Senator the Hon. Mathias Cormann
Minister for Finance
Leader of the Government in the Senate
Senator for Western Australia
ANNELISE NIELSEN: We’re joined live now by Finance Minister Mathias Cormann from beautiful Perth, Western Australia. Mathias Cormann, thank you for your time. Firstly, can I get your response to the latest from the ICAC hearings? Apart from Sam Dastyari getting in a bit of trouble with his bike, it’s certainly alarming what we’re seeing coming out of these hearings.
MATHIAS CORMANN: Look pretty extraordinary revelations. Obviously those processes are taking their course, but the thought of any political party accepting $100,000 in cash in a bag, I certainly think most Australians would have thought that that was not happening in Australia these days. That is pretty extraordinary. Obviously, prohibited donations in cash on the face of it to mask where the cash came from, it is pretty bad, pretty extraordinary.
ANNELISE NIELSEN: Absolutely. It certainly only came to light because of the New South Wales ICAC. Do you think this bolsters the calls for a federal ICAC? There could be similar things happening at a federal level that we don’t know about.
MATHIAS CORMANN: I do not believe so. Obviously we are committed to strengthening our integrity framework. We do have a very significant framework already in place to fight any corruption, to ensure any corruption is appropriately addressed. We have already indicated that we will be strengthening that framework further and the Attorney-General at the right time will be making relevant announcements.
ANNELISE NIELSEN: If I can turn to a speech you gave to the Sydney Institute about the state of the Australian economy, you had some choice words for Labor about their perhaps socialist policies that might have lost them the election. Shadow Treasurer Jim Chalmers has said why are you still talking about Labor? You should be talking about growing the economy. Do you think that’s fair enough that you shouldn’t be still harping on about why Labor lost?
MATHIAS CORMANN: A substantial part of the speech is about how we are building a stronger economy, creating more jobs and ensuring Australians today and in the future have the best possible opportunity to get ahead. I go into some detail through our very comprehensive plan, including our tax reform agenda, delivering $300 billion in income tax relief for hardworking families, our ambitious infrastructure agenda, our ambitious free trade agenda, our ambitious deregulation agenda, our plan to bring electricity prices down. So there is a lot about our plan to build a stronger economy. But I believe that it is in Labor’s interest, and I believe the country’s interest, for Labor to understand why the Australian people have rejected them at the last election. Because in the end, unless Labor understands why they failed, that Australians do not support the politics of envy, do not support class welfare, do not support this sort of high taxing agenda that they took to the last election, well then the country might be faced with this again in the future. I think it is absolutely fair and reasonable that in a democracy where there are contrasting agendas being put in front of the Australian people, that there is a discussion about their comparative impact. Our plan of supporting free enterprise, reward for effort, encouraging people to stretch themselves, lower taxes, smaller government. This is designed to build a stronger economy with more jobs, lower unemployment and higher wages over time, whereas Labor’s alternative agenda at the last election was really all designed about increasing taxes on the economy. An anti-business, higher taxes, politics of envy agenda which would have made the country weaker and poorer. It is important for us to continue to engage in that conversation and it is important for Australians that Labor understands, accepts and acts on why they lost so that in the future Australians are not faced with that sort of agenda again.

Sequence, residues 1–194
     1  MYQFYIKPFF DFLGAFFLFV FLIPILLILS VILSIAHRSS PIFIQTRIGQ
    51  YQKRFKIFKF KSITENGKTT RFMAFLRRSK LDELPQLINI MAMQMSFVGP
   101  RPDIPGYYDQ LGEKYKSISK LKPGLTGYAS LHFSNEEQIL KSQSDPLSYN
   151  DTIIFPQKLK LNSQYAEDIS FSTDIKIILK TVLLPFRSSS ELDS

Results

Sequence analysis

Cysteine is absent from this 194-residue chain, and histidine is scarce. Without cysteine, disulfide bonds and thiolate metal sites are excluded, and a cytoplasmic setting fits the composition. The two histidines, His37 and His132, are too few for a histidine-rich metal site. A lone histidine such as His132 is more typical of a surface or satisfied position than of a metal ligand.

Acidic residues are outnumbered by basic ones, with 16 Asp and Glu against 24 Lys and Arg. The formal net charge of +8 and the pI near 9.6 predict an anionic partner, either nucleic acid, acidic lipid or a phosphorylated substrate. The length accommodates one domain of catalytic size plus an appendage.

ANNELISE NIELSEN: You have recently travelled to Papua New Guinea where you met with senior officials there. Papua New Guinea has asked for an increase in funding in the form of transferring aid directly into their budget, allowing them to spend it how they see fit and it’s coupled with the threat that if we don’t give them the money, they’re going to turn to China and that will increase the superpower’s influence just to our north. What did you make of Papua New Guinea’s request?
MATHIAS CORMANN: We had some very good meetings in Papua New Guinea on Monday and Tuesday as part of the 27th Ministerial Forum between Australia and Papua New Guinea. That happens every year. So we have a long-standing friendship and relationship with Papua New Guinea. We talked through the various issues where we can support each other, including of course some of the economic and fiscal challenges that Papua New Guinea is facing at the moment. It is important to remember that while Papua New Guinea does face some economic and fiscal challenges, they also have a lot of exciting opportunities as a trading nation. There are some significant resource projects that could be getting underway, which would of course help boost their revenue base to deal with some of the expenditure challenges they are dealing with. What we have said to Papua New Guinea is that we are not considering redirecting aid funding into budget support, but what we are prepared to consider and what our officials now are working on, is to explore options on how we might be able to provide bridging finance to support their fiscal requirements in 2019 and 2020 and also to support their efforts to reform state-owned enterprises, which are seeking to refinance some of their higher interest loans over the next few months. These are things now that officials on both sides will work through, assessing, doing the technical work, sharing the information, making sure that both governments have some informed options in front of them about next steps.